During the discussions about the reasons for postponing the opening date, the decision was reached that the Managing Director Operations/BBI, Dr. Manfred Körtgen, will have to leave the company. Körtgen joined the airport company in 2004 as Director of BBI Planning and Construction. He was head of the planning team and was responsible for the setting up the team responsible for the construction of the new airport. From September 2008, as Managing Director Operations/BBI, he was in charge of the construction of Berlin Brandenburg Airport. Until a new Managing Director Operations/BBI joins the company, the CEO Professor Rainer Schwarz will be temporarily in charge of the department.
At the same time the Supervisory Board decided to terminate the contract with pg bbi. pg bbi, which is the project management company and in charge of site supervision, and comprises J.S.K. International Architekten und Ingenieure GmbH and gmp Generalplanungsgesellschaft mbH.
Source and photo: Berlin Brandenburg Airport
airberlin: No sympathy for postponement of airport opening to next year
CEO Mehdorn: Damage to Berlin’s image is intolerable
airberlin CEO Hartmut Mehdorn reacted with sharp criticism to the announcement that the Berlin-Brandenburg BER airport will not open until 17th March 2013. “This is totally unacceptable and does almost irreparable and therefore intolerable reputational damage to Berlin as an airport hub.” The flight schedule with the planned long-haul destinations which were to start in winter can scarcely be implemented. The same applies to additional planned destinations overseas. With much difficulty, we would have accepted the BER postponement to October; this would have been possible only with great effort and expenditure. But this latest decision will have a deep impact on the business operations of the market leader.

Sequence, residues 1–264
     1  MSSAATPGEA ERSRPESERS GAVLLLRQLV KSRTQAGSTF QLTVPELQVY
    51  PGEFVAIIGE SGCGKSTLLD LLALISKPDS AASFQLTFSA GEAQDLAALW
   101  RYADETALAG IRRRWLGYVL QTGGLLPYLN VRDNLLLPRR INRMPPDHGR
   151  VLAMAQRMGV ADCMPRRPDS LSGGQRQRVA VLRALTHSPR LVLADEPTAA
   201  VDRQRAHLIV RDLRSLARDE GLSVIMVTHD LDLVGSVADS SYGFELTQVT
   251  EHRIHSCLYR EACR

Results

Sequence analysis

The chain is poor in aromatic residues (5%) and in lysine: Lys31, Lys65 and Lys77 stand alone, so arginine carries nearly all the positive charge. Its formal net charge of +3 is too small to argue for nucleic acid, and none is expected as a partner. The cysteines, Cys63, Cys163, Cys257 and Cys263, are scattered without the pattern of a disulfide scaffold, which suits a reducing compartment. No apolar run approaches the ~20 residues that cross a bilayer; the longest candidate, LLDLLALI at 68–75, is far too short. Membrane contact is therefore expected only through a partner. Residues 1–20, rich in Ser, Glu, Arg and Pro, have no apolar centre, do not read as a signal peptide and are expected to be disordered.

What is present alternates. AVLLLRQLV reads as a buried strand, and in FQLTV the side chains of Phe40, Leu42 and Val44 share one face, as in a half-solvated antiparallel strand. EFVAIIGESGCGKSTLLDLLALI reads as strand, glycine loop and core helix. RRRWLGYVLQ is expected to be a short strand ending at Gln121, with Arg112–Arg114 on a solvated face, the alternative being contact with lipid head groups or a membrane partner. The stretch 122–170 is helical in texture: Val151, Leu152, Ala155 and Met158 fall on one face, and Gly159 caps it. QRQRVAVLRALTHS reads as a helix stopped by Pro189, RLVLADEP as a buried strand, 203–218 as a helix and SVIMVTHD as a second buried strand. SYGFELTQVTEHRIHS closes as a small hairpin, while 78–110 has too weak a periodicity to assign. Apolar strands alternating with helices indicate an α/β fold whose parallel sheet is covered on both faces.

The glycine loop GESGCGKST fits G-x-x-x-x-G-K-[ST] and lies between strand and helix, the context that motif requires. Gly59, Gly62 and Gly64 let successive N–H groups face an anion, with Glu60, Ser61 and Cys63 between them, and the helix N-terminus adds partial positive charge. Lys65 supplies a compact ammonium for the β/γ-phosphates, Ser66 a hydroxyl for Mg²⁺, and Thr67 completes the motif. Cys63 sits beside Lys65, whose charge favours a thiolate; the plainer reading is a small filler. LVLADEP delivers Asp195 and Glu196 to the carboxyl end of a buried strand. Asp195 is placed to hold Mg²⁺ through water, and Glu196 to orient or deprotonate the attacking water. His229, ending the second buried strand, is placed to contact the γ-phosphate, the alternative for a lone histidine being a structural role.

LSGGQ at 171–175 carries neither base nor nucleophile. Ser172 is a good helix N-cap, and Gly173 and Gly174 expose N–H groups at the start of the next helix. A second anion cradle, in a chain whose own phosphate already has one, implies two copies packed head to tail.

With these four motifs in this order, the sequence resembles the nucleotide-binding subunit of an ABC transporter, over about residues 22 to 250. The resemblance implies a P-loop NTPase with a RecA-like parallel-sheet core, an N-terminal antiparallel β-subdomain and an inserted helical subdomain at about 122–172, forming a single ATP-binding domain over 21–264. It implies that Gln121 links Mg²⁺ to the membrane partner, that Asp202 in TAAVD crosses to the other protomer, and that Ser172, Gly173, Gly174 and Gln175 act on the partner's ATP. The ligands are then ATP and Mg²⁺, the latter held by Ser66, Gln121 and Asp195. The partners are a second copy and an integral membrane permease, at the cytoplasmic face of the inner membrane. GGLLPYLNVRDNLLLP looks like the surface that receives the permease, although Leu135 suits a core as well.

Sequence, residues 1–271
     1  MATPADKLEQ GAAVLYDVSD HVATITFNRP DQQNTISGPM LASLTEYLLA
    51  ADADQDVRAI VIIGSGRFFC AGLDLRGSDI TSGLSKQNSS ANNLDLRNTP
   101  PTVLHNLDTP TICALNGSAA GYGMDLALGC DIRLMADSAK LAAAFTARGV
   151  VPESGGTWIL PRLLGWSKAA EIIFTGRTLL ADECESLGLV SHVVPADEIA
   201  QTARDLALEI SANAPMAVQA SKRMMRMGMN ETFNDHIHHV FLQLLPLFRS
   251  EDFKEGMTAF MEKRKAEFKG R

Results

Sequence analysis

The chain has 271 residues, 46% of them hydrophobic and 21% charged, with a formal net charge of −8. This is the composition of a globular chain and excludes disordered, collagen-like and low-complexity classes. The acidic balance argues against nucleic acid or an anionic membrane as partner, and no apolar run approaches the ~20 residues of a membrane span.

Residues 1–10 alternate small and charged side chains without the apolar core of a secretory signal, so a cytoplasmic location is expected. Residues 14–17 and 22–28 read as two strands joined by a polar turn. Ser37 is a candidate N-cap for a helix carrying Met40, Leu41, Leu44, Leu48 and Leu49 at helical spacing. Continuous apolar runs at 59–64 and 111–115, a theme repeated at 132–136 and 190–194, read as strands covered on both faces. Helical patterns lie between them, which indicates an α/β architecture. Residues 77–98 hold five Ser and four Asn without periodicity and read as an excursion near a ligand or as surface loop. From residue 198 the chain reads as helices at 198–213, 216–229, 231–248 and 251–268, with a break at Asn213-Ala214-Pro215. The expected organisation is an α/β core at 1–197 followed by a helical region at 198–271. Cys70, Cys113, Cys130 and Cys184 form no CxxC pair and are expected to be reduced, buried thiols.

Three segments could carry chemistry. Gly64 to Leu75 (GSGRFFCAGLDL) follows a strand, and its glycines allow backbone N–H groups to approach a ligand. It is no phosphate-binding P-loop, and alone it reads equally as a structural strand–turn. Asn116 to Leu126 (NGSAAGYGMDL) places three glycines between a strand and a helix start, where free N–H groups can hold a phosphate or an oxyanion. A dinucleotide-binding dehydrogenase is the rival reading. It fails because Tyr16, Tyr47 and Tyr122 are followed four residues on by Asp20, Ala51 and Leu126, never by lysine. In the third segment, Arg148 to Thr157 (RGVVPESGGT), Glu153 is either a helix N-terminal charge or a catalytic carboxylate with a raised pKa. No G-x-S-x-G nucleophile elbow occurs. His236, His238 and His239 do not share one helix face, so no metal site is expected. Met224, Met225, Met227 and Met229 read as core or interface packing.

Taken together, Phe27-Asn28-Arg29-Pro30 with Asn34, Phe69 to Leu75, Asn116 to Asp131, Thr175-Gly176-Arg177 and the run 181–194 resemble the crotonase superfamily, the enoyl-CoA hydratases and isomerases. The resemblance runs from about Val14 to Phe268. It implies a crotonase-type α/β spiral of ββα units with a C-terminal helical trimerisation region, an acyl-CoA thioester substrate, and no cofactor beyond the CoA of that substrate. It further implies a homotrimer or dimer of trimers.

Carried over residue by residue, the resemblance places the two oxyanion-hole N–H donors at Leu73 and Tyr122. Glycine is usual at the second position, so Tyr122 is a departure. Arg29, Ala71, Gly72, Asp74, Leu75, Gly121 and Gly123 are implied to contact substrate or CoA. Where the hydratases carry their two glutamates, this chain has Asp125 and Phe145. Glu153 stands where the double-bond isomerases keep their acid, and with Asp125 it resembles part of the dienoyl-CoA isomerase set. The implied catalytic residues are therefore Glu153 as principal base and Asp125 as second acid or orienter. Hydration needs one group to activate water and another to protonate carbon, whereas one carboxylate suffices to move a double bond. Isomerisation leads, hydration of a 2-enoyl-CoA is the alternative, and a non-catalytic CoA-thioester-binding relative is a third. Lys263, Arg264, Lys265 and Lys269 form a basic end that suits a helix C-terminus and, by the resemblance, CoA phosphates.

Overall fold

“We have promised to provide our passengers, our oneworld® alliance and our strategic partner Etihad Airways with good service even during the transition in Berlin. This has now been postponed indefinitely. Instead, we must continue with the much too small, completely inappropriate Tegel Airport.” The postponement hits airberlin a lot harder than the other airlines that fly to Berlin. airberlin, with a market share of around 33 percent, is the only airline with a hub and thus a growing number of connecting passengers in Berlin. The proportion of connecting passengers last summer reached 23 percent. The planned construction of a hub, wherein six daily waves of airberlin planes could approach Berlin from all directions and passengers could quickly transfer and continue flying, was tailored to BER and is hardly feasible at Tegel.
Mehdorn: “The postponement of the opening by several months is no longer explicable purely based on fire protection measures. As a result, we incur not only an economic loss but also damage to our hub’s image, which is financially incalculable.”